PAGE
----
As I understand it, the Goldbach conjecture states…
Any number n larger than 2 is the sum of two primes.
This statement was bounced around by Gauss, Euler, amongst others (Presumably Goldbach also, whoever he is)
Since the 4-color map problem and Fermat’s last theorem has been solved, this is apparently the only major math problem left unsolved.

In the early part of the 20th-century, David Hilbert made a list of mathematical problems that he thought worth working on. They are called Hilbert’s 21 (or some other number) Problems. They are very interesting, but most of them aren’t understandable unless you have a degree in higher mathematics. Which brings me to my hijack: IS IT REALLY IMPOSSIBLE TO STATE MATHEMATICAL PROBLEMS SO THAT PEOPLE WITH AVERAGE INTELLIGENCE CAN UNDERSTAND THEM?
Or is it not, because at some point in the course of learning mathematics, a person learns terms and takes certain things for granted so that he or she cannot even imagine what terms he or she used to think of when he or she wasn’t mathematically informed, and therefore he or she cannot pass on a simple explanation? I finally learned what the Euler phi or totient function was, but it took a long time and yet now that I know it, there is nothing simpler. And I’m sure I could explain it in laymen terms. Thus I am not across that border of a subject beyond which there can be no communication from the knowers to the uninitiated.
It is as if people who know advanced mathematics and physics have died and cannot be contacted, nor can they contact us.
They have joined the Divine in a mystical union guaranteeing the ignorance of the remainder of the population.

The conjecture as stated in the OP isn’t true. For that to be true, as (Tim) stated, all odd numbers would have to be prime (because the only way to sum two numbers and get an odd is if one is even and one is odd, and the only even prime is 2, therefore every odd number is the sum of an odd prime and 2), which, obviously, is not so (ex.: 3x7=21, so 23 cannot be a sum of two primes).

According to this site, Goldbach’s Conjecture is this:

…Which are simply several different ways of stating the same thing.

I wish I had half a clue how to even BEGIN that proof… sigh To answer the OP, it’s a big deal simply because it’s “neat” and because it’s unproven. That’s what mathematicians do: Try to solve unsolved problems.

That reminds me, I seem to recall having heard a related conjecture (theorem?) stating that all perfect squares can be written as the sum of two primes. Proven? Not? Misstated? I can’t seem to find it because I can’t recall who it is named after.

I’d say the biggest unsolved math problem right now is the Riemann Hypothesis. There’s a whole structure of results based on the Riemann hypothesis being true, and a whole structure based on it being false; once that’s settled, a lot of theory will fall in to place.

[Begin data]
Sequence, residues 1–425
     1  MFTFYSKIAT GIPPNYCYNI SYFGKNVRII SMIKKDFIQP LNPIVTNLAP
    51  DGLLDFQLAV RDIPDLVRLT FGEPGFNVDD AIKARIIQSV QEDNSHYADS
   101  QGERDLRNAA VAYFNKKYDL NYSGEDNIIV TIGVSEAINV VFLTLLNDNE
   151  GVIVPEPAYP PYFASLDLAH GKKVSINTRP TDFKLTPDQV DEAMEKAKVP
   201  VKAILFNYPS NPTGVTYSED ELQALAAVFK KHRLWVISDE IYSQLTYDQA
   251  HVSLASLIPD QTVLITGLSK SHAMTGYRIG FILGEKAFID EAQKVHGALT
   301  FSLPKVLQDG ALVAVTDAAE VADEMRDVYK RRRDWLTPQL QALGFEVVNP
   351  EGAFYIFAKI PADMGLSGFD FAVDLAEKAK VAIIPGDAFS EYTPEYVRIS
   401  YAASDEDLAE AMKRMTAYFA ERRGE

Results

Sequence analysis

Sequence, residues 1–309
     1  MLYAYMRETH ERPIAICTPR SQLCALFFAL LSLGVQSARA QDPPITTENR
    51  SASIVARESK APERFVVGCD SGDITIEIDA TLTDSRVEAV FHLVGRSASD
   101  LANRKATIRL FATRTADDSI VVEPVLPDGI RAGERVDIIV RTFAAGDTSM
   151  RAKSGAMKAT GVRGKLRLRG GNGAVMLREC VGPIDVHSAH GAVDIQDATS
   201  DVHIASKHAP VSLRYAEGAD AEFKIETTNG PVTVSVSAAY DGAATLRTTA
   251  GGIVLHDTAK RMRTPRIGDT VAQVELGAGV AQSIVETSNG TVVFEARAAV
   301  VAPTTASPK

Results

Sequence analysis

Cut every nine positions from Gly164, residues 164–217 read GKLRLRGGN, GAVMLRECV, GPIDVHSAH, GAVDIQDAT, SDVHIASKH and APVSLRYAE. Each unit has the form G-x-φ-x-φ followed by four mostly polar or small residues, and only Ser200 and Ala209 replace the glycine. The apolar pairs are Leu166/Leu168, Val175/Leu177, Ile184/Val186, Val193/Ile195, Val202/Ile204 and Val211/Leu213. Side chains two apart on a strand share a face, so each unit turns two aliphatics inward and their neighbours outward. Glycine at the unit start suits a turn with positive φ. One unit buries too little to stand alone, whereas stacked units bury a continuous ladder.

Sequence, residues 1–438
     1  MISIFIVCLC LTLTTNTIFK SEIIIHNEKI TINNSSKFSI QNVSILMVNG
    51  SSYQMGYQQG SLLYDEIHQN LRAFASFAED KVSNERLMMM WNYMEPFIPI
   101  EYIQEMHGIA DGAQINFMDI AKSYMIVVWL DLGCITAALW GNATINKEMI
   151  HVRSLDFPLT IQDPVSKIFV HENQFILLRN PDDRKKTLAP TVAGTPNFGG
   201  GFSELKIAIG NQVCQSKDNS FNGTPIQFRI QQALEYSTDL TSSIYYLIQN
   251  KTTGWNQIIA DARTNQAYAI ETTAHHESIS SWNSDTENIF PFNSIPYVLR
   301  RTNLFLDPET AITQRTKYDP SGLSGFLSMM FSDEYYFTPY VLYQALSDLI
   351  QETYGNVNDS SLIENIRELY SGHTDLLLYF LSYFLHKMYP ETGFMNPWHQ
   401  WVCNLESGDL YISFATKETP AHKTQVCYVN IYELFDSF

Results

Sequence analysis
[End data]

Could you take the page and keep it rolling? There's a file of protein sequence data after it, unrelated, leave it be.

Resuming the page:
Settling Goldbach’s Conjecture would be neat just because the problem’s been so intractable for so long. But neither a proof nor a counter-example would be of any lasting value unless it resulted in new math. That Andrew Wiles’ work linking elliptic curves and modular forms resulted in a proof of Fermat’s Last Theorem is negligible compared to the new techniques he developed and the research avenues he iluminated. That’s his great accomplishment.

Cabbage said:

No argument. Maybe that’s what HoldenCaulfield has resolved.

Yeah I figured out what it was I was thinking of. Every odd number can be expressed as the difference of two consecutive squares: 2n+1=(n+1)[sup]2[/sup]-n[sup]2[/sup]
That one is trivial to prove, so I’m kind of disappointed. I had remembered it as being more intriguing than that.

Math is not religion, no matter how much people say it is not a science.

I’m pretty sure that most (all?) of the “people who know advanced mathematics” could explain the same in laymen’s terms, as you can. Your own experience should convince you that it is just a continuum. Stuff gets complicated.

Depending on what you mean by “average”, of course it isn’t impossible. Authors like Hofstadter and Dunham seem to do a fairly good job in making some of the great ideas of mathematics accessible to the layman. But that’s not to say these are easy books for the non-mathemetician. They take considerable perseverance, and the reader, even if not educated in higher math, is likely to be above average in intelligence than the average Joe. What I’ve concluded from these books is that there are many fascinating principles in the field that can be taught to someone without a lot of prior preparation. But that doesn’t mean you can teach Calculus to someone who hasn’t learned Algebra.

don:
The concepts aren’t hard, but the type of thinking is. Most people don’t normally think in the step-by-step logical way needed to work up a rigorous proof. But the concepts are all founded, ultimately, upon the basic concepts of arithmetic: 1+1=2, 2+1=3, 2*2=4, etc. All of them based on observation. (I have one apple. I steal one apple from the local dolt. I now have two apples. Therefore, one plus one is two.) Most people never take them to the logical conclusions of calculus or non-Euclidian geometry, but you can.